With stock increasingly the medium of exchange among the international corporate elite, it's no wonder that BUSINESS WEEK's Global 1000 is driven by the strength of equity markets around the world. Certainly, currencies play a significant role, but the shifts this year were largely determined by surging U.S. and European markets, the wave of Continental restructurings, and the mergers and acquisitions taking place on both sides of the Atlantic. It is no accident that the Daimler Benz merger with Chrysler Corp. was paid for in stock.
Ranking some 2,700 companies in 22 countries by market capitalization in dollar terms, the BUSINESS WEEK 1000 had some interesting surprises. American and European companies clearly dominate the list. Surfing the double wave of the Dow and the dollar, U.S. companies saw their value jump 37% as a group in the year ended on May 31. They now account for nearly half of the world's leading companies, 480, up 33 from last year. European companies did even better. They make up nearly one-third of the list, 350 companies, up by 54. The market value of German companies rose by 42%, and French companies jumped a sharp 60%.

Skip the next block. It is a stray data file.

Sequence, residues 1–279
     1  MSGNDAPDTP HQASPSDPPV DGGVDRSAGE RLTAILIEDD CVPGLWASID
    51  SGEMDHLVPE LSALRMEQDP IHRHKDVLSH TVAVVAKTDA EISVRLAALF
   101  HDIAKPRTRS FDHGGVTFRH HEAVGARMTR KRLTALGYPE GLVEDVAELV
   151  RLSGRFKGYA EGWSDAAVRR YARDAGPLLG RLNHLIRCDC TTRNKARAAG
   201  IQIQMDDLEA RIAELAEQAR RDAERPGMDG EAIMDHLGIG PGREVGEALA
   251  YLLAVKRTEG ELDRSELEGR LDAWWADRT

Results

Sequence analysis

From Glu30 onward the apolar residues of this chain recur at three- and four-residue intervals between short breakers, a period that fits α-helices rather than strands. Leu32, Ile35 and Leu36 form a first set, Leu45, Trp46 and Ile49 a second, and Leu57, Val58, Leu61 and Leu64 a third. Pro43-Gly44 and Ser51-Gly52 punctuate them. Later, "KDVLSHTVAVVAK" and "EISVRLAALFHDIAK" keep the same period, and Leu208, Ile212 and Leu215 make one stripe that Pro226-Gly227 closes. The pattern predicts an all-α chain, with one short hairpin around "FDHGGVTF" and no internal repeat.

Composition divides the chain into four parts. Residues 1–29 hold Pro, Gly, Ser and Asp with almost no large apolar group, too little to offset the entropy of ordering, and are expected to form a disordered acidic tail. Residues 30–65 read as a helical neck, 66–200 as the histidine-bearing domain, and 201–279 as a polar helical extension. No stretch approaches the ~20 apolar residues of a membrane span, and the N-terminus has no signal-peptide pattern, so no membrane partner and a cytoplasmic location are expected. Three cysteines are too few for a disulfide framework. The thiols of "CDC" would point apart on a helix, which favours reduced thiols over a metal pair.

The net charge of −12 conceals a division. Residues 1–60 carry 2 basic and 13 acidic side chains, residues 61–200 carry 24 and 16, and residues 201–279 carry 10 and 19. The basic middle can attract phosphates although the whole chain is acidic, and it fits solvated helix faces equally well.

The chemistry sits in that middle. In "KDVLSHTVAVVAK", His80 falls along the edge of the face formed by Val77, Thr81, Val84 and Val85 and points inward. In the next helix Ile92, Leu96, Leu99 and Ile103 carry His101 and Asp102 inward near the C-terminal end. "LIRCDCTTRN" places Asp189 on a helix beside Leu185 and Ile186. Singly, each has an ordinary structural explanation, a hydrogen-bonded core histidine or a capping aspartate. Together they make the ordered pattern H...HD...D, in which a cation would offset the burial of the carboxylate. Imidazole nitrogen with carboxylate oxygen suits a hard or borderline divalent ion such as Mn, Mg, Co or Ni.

The big losers, of course, are Asian companies, suffering from the double blow of declining stock markets and depreciating currencies. Japanese companies saw their market cap shrink by 23% in dollar terms, 8% in yen. Some 66 Japanese companies fell off the 1000 list. Some 116 survived. This compares with 115 for Britain, a rise of 20.
Even though many Japanese companies are extremely cheap by any measure, there were few acquisitions by American or European companies (one exception being Merrill Lynch & Co.'s purchase of 33 branch offices of failing Yamaichi Securities Co.).
For corporations operating everywhere else in the world, market cap is king.